This is the second installment in a series on getting fired. Part 1—What to Expect When You're Getting Axed—appeared yesterday.
Yup—you are getting fired. You feel sick to your stomach. Now what?
Chances are you're in shock. So take a deep breath and take note of the following when you are in that unpleasant, awkward situation:
1. First, stay calm, shut up, and listen. It's vital to pay attention to the termination meeting—particularly, if you feel the firing was unfair and might warrant legal action, says Katherine Kimpel, managing partner of Sanford Heisler's Washington, D.C., office. "A smart employee will keep emotions in check and will try to use that meeting to get details on why they are being terminated. Employees should be polite and measured in the meeting and document what happened in the meeting. Those records will be very valuable if they end up talking to a lawyer later on."
2. Don't sign anything too soon. Don't be pressured into signing the termination papers, severance agreement, confidentiality agreement, or anything else on the spot. Take the papers, read them carefully at home, and consult an employment lawyer.
Though some employers have papers ready for the employee to sign, it's a bad practice, says management lawyer Steven Swirsky, a partner at Epstein Becker Green: "The employee is in shock, and can argue that it wasn't informed consent."
What's more, says Swirsky, employees over the age of 40 are protected by the Older Worker Benefit Protection Act amendments, which "require that the terminating employee be advised of his right to consult with an attorney and be given a minimum of 21 days to consider the agreement and release."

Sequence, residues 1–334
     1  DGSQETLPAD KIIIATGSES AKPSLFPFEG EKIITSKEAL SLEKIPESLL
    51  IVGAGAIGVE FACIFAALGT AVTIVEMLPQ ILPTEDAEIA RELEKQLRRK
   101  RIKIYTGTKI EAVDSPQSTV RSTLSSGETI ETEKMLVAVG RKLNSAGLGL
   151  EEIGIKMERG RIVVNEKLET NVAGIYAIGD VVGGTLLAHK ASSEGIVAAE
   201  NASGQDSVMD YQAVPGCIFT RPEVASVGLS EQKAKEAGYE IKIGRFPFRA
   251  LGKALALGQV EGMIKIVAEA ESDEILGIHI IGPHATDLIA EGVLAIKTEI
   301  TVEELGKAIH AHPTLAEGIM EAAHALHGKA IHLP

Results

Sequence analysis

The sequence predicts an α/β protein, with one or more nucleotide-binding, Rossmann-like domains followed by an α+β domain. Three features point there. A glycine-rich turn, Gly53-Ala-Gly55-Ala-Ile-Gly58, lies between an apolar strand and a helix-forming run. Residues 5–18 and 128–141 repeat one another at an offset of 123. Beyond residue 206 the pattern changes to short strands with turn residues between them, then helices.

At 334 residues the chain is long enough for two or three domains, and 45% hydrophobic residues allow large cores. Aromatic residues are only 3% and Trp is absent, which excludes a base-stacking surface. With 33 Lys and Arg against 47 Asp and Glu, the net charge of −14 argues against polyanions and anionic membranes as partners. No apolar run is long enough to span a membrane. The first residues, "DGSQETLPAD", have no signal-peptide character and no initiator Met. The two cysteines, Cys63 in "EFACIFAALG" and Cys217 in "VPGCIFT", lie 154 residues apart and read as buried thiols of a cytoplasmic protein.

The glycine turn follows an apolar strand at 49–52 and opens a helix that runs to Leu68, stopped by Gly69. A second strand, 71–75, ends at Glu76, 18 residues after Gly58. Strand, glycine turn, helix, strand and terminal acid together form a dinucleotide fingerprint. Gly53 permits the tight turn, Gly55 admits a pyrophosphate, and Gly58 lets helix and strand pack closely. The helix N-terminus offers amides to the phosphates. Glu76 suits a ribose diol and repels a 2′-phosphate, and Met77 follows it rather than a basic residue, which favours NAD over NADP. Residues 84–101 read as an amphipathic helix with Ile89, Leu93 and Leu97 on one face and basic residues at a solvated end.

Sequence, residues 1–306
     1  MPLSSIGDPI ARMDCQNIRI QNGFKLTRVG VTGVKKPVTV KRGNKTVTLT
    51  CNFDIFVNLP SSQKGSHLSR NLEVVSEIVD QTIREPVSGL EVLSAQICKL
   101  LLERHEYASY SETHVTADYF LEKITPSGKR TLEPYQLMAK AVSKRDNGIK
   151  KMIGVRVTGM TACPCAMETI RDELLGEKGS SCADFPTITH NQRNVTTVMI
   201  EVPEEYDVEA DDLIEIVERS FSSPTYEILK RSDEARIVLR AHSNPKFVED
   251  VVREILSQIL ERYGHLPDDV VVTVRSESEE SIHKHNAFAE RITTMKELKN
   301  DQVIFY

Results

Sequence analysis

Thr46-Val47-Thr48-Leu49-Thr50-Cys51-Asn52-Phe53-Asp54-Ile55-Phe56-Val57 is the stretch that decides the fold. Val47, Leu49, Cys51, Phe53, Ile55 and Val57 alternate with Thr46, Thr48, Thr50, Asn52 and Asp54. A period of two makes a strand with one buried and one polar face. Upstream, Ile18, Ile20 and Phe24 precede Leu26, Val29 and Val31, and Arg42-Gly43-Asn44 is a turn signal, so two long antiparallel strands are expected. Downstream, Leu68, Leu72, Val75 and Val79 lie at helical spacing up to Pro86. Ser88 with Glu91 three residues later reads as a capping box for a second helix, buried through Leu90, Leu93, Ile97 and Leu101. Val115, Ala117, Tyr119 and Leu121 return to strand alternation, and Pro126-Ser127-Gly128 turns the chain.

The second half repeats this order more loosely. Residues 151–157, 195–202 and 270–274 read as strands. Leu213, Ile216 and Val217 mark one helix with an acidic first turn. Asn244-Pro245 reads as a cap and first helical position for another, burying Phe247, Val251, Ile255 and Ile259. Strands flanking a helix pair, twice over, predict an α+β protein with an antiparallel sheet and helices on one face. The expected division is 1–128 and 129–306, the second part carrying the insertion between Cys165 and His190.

3. Negotiate for the best deal possible. You're fired, but that doesn't mean you have zero leverage. You can—and should—negotiate for better severance, additional time to use the office phone and email, and other benefits. Certainly, it never hurts to ask.
What might prompt your employer to give you a better package? One consideration is whether you might have some grounds to sue. Corporate Counsel advises employers to ask: "Has that person taken any sort of leave in the past year? Have they filed a workers' comp claim? Have they had a baby? Are they over 40? What is their racial or ethnic or national origin background? Have they recently complained about something?"
4. Make sure you know what a future reference will say. Luckily, the trend is to give prospective employers just the basic facts about the employment. "My advice is that employers have a standard practice in place as to what they will provide—dates of employment, last position held, final compensation—and that they stick to this in all cases," says Swirsky. Moreover, he adds, make sure that only the human resource department responds to reference requests.
5. Don't burn your bridges. As angry as might feel about getting axed, try to leave on a high note. And though it would be cathartic to tell off the jerks you worked for and leave in a blaze of glory, don't do it. Some of your former bosses might be squash buddies with someone you'll be interviewing with in the future. And, believe it or not, some of those jerks could help you land another job.
You never know.
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